Freedom And Confinement In Elie Wiesel's Night

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“We are all sentenced to solitary confinement inside our own skins, for life.”(Tennessee Williams). Night by Elie Wiesel, published originally in 1956. This book is about a holocaust survivor and his story on how he lived through the holocaust. Freedom and confinement is an aspect that can determine someone’s sanity.
One of the ways the theme is demonstrated in Night is when Elie and his family are put in “ghettos”. This relates to the theme because when they are moved into the “ghettos”, they are allowed to do what they want but they are still confined in that certain area. Houses were crowded, because of the Jews in the community. “Little by little life returned to normal. The barbed wire which fenced us us in did not cause us any real fear”(9). This quote means that although things were going back to normal, they were still kept in a confined area that was being guarded by barbed wire. Although they could not leave, They still didn’t have any fear. In conclusion this page from the book Night by Elie Wiesel signifies what that theme means.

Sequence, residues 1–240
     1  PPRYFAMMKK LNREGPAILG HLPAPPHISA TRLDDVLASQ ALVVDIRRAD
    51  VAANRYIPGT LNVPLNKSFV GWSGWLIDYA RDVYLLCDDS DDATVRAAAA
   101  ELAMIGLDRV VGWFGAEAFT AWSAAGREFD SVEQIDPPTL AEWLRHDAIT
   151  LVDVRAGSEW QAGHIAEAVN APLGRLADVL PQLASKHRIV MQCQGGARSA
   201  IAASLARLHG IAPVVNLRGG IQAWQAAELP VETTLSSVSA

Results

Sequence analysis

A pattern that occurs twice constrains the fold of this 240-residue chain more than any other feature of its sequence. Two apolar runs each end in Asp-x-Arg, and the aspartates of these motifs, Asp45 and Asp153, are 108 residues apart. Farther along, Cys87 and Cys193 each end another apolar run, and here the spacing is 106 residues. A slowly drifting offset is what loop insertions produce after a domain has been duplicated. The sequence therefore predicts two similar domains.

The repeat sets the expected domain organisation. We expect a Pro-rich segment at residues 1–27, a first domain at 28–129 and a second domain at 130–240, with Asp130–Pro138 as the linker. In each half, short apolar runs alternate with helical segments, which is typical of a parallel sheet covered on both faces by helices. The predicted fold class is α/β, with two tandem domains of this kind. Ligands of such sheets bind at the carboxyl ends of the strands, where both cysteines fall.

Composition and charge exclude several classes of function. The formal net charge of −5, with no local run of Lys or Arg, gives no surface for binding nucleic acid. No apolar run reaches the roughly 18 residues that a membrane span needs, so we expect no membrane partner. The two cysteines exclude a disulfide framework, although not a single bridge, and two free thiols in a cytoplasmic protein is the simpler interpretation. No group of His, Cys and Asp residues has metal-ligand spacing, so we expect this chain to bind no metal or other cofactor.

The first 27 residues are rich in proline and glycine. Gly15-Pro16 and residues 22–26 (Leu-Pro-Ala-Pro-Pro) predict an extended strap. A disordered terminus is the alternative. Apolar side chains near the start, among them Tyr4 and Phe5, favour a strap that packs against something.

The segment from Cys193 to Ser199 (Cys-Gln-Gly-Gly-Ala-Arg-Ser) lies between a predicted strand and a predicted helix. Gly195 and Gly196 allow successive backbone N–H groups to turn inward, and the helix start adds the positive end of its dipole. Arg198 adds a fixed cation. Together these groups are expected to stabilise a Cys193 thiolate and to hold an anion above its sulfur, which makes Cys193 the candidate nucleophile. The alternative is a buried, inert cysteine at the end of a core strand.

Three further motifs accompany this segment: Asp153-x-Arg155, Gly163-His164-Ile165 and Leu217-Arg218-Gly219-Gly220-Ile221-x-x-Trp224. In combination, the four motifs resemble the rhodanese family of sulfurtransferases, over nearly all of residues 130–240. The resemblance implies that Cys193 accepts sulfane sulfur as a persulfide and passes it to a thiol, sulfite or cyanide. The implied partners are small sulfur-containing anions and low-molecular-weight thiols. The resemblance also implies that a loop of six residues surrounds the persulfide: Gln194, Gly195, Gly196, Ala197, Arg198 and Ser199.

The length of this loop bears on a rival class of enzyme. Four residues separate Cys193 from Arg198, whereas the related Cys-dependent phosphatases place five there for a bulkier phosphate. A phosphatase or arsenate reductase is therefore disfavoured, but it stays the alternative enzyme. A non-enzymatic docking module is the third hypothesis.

One of the ways that the theme is demonstrated in Night is when Elie Wiesel is in a camp and he is going to sleep and then the next day he gets a bowl of thick soup. This relates to the theme because although they are in a camp they still sometimes get the essentials
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But they later get freed in the end of the book. This relates to the theme because although they start off in confinement they ended in freedom. “I had not seen myself since the ghetto. From the depths of the mirror, a corpse gazed back at me. The look in his eyes, as they stared into mine has never left me”(109). This could mean that through confinement he finally freed himself, by pushing through. In conclusion in the end, spending most his life in confinement Elie Wiesel was finally free due to his bravery and his

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